2

Maintain a faster walking speed than is natural for you.

(This sentence is quoted from the book "Thinking, fast and slow", p. 22., by Daniel Kahneman.)

  • Is what is omitted in "than (what) is natural for you."?

  • Is this kind of omission common in English?

  • 2
    Hello, Jin, notice that you have duplicated the verb "is" in your first question. The second "is" is not necessary. – RubioRic Aug 14 '19 at 6:41
  • Hello Rubio. I got your point but this is the quoted sentence from the book I mentioned above. I changed nothing in this sentence. – Jin Aug 14 '19 at 7:17
  • 2
    "Is what is omitted in "than (what) is natural for you."?" should be "Is what omitted in "than (what) is natural for you."?" Notice that I have removed the second "is" – RubioRic Aug 14 '19 at 7:26
  • Oh I got it. Thanks. And I'm sorry I misunderstood. – Jin Aug 14 '19 at 9:19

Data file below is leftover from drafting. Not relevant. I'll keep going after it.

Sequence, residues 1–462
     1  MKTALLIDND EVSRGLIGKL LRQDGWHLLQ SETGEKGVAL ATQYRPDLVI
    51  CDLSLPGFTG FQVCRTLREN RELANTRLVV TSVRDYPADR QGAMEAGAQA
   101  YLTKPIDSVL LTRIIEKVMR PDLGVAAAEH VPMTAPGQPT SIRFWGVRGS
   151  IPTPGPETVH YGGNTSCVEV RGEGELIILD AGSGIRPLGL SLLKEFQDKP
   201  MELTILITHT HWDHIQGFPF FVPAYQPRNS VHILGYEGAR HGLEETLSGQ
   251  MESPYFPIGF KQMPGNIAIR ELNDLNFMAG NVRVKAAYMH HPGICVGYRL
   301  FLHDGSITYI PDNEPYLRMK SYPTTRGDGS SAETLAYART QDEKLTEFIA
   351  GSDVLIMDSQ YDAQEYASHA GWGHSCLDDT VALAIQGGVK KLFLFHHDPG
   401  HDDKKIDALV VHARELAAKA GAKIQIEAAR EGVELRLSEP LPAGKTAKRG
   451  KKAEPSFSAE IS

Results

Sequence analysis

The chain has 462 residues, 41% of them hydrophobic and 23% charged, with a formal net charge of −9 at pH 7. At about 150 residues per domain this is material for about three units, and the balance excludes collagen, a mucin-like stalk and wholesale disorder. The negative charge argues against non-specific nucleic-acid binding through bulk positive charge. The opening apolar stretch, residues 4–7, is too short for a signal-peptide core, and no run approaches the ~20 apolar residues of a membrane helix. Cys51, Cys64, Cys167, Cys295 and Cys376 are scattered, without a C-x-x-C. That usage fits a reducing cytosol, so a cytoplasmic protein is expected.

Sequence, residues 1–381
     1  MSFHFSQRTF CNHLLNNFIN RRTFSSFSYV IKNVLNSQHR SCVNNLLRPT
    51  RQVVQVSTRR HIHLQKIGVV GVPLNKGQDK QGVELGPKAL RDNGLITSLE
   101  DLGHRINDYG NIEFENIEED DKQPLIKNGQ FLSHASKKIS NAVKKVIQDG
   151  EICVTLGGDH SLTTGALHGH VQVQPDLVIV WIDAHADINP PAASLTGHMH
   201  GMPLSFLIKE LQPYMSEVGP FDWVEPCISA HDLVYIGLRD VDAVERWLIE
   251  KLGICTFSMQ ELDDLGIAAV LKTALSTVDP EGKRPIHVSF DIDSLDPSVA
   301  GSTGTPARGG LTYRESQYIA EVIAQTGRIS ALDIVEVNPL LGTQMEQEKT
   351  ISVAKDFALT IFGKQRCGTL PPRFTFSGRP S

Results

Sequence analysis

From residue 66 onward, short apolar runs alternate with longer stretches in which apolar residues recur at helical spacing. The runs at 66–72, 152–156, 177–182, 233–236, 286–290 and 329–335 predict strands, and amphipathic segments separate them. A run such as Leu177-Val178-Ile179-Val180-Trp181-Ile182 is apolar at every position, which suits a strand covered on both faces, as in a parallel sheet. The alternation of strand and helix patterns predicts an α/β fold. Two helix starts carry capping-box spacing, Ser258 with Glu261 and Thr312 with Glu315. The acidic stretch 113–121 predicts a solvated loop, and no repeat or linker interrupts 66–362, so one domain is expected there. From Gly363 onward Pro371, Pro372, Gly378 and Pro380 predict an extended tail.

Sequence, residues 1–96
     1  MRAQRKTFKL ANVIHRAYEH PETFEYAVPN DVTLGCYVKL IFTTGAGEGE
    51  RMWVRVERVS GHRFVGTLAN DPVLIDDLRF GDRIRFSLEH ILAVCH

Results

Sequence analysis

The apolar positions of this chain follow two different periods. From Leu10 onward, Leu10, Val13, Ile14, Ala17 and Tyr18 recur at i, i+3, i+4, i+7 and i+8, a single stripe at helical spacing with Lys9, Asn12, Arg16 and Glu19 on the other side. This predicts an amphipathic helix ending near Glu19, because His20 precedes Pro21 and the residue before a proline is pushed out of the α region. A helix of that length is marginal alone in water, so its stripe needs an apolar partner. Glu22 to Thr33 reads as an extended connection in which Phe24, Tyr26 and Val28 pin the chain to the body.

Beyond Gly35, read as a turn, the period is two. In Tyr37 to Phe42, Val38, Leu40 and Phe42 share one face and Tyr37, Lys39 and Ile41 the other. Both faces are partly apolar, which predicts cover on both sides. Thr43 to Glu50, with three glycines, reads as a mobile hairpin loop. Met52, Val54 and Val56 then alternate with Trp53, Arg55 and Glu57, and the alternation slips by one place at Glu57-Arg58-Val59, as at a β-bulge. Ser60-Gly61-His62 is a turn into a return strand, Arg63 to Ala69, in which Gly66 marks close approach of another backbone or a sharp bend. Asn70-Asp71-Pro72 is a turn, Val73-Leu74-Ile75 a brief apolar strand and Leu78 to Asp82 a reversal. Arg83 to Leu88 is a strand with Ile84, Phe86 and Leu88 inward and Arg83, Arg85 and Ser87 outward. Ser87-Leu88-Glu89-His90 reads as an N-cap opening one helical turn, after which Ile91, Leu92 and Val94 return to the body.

3

It is normal to omit words from a sentence, and not change its meaning.
The general term for this is ellipsis, which has two definitions:

  • A series of three dots indicating words deliberately omitted from a quotation.

  • The omission of words that are understood and thus unnecessary.

The second definition applies here, and the full sentence can be

Maintain a faster walking speed than what is natural for you.

Maintain a faster walking speed than the speed that is natural for you.

It is common to omit words from a sentence and still retain its meaning.

Your Answer

By clicking “Post Your Answer”, you agree to our terms of service, privacy policy and cookie policy

Not the answer you're looking for? Browse other questions tagged or ask your own question.